Work Package 1 of the MIND project addresses remaining key issues for the geological disposal of ILW concerning the long-term behaviour, fate and consequences of organic materials in the waste along with H2 generated by corrosion and radiolysis. This review begins this work by collating information concerning the inventory and nature of organic materials present in ILW and some LLW that requires geological disposal. The review has then considered the physical and chemical conditions that the organic materials will be subjected to during storage and geological disposal. The review then provides a summary description of the physical and chemical nature of the main organic materials present in ILW and their known chemical and radiolytic degradation behaviour. The effect of the organic degradation products on radionuclide speciation, which could affect how some radionuclides are transported in groundwater, is then considered to focus subsequent work in this field. Inventory information concerning the distribution of the different types of organic material present in ILW and some LLW is collated from published national sources. This confirms that the materials selected for study in the MIND project; bitumen, organic ion exchange resins and halogenated polymers (PVC), are present in significant amounts in the national inventories. Cellulose is present in generally lower amounts in most inventories, but it is already established that it is of significance with regard to the strong complexation effect of its alkaline hydrolysis products. Cellulose is included in the Work Package 1 studies, but is not considered in detail by this review because comprehensive reviews exist in peer reviewed literature. The review of organic ILW also collates information relevant to the radiation dose, timescale and chemical conditions that the waste and encapsulant materials will be subjected to during storage and geological disposal. This information, together with information regarding the physical and chemical nature of the organic materials and current understanding of the effects of chemical and radiolytic degradation is used to refine the design of radiolytic and biodegradation experiments that are being undertaken in MIND Work Package 1. In the next phase of the MIND project ion exchange resin, PVC, bitumen and cellulose materials will be irradiated using 60Co ϒ radiation at a range of dose rates. The first irradiation experiments will be undertaken under a range of relevant pH conditions with air and inert gas headspace. The first experiments will be to ensure that sufficient soluble organic material is produced in order to characterise the compounds present and to use the leachate in subsequent biodegradation experiments. Further experiments will then be undertaken at lower doses. The biodegradation experiments will be inoculated by various cultures, including consortia adapted to high pH conditions and indigenous microbes sampled from underground rock laboratories. Biodegradation studies will utilise a range of electron acceptors, including nitrate and sulfate identified by the review as being of most significance. The process of methane generation under cement buffered ILW conditions will also be explored. The soluble organic species will be characterised before and after biodegradation to identify compounds for complexation studies to draw conclusions regarding the degradation of known complexants such as the cellulose degradation product ISA. The solid residues and biomass materials will also be utilised for microscopy studies including interactions with radionuclides. The information collated in this review is of prime importance to the design of experimental work undertaken in Task 1.2 of Work Package 1 of the MIND project. The review will also provide a basis of Task 1.3 that examines processes under in situ wasteform and repository conditions and modelling and integration in Task 1.4 and wider integration and dissemination through MIND Work Package 3.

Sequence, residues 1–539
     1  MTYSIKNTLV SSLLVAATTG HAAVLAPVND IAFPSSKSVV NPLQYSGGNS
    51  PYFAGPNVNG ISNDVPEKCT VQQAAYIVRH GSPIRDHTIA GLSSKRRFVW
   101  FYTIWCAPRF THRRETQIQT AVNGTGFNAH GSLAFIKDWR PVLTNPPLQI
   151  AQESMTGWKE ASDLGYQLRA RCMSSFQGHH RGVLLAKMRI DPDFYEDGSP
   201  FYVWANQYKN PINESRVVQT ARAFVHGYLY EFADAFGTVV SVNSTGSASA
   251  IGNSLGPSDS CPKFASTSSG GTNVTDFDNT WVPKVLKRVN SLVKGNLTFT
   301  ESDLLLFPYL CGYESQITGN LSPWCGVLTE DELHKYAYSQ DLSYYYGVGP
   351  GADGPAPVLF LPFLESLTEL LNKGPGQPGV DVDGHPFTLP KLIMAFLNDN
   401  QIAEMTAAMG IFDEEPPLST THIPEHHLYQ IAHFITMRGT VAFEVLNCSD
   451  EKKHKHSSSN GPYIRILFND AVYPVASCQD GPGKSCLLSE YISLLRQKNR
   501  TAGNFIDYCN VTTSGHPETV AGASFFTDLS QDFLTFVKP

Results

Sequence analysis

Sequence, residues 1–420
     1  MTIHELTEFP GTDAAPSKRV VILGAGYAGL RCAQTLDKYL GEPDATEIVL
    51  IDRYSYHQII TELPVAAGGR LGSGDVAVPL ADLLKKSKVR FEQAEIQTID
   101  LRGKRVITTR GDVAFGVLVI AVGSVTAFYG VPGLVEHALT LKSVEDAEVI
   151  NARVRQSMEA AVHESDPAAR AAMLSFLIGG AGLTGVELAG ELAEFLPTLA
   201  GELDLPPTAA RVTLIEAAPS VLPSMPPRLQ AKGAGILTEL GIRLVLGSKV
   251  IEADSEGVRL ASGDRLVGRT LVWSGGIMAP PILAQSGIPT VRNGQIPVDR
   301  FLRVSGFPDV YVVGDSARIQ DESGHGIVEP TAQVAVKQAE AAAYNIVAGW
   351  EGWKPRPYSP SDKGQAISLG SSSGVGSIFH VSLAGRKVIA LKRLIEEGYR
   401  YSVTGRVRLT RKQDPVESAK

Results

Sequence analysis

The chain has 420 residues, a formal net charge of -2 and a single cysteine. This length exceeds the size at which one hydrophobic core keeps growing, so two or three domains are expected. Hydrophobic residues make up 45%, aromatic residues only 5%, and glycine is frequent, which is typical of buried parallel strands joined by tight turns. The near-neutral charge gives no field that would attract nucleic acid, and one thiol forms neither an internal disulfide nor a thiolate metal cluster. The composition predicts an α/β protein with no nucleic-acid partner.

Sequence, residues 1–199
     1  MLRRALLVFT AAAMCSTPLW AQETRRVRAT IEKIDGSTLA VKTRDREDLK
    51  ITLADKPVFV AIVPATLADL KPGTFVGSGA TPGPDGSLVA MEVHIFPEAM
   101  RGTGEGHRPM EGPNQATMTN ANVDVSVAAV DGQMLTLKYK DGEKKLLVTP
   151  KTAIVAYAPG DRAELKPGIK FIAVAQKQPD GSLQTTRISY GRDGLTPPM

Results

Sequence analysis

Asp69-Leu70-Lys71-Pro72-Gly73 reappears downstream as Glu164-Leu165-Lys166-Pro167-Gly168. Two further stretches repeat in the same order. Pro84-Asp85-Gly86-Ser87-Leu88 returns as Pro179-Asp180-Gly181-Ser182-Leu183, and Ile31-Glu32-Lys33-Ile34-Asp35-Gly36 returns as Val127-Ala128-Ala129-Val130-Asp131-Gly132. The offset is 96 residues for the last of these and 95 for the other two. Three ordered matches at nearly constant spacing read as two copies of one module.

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|Published - 14 Dec 2015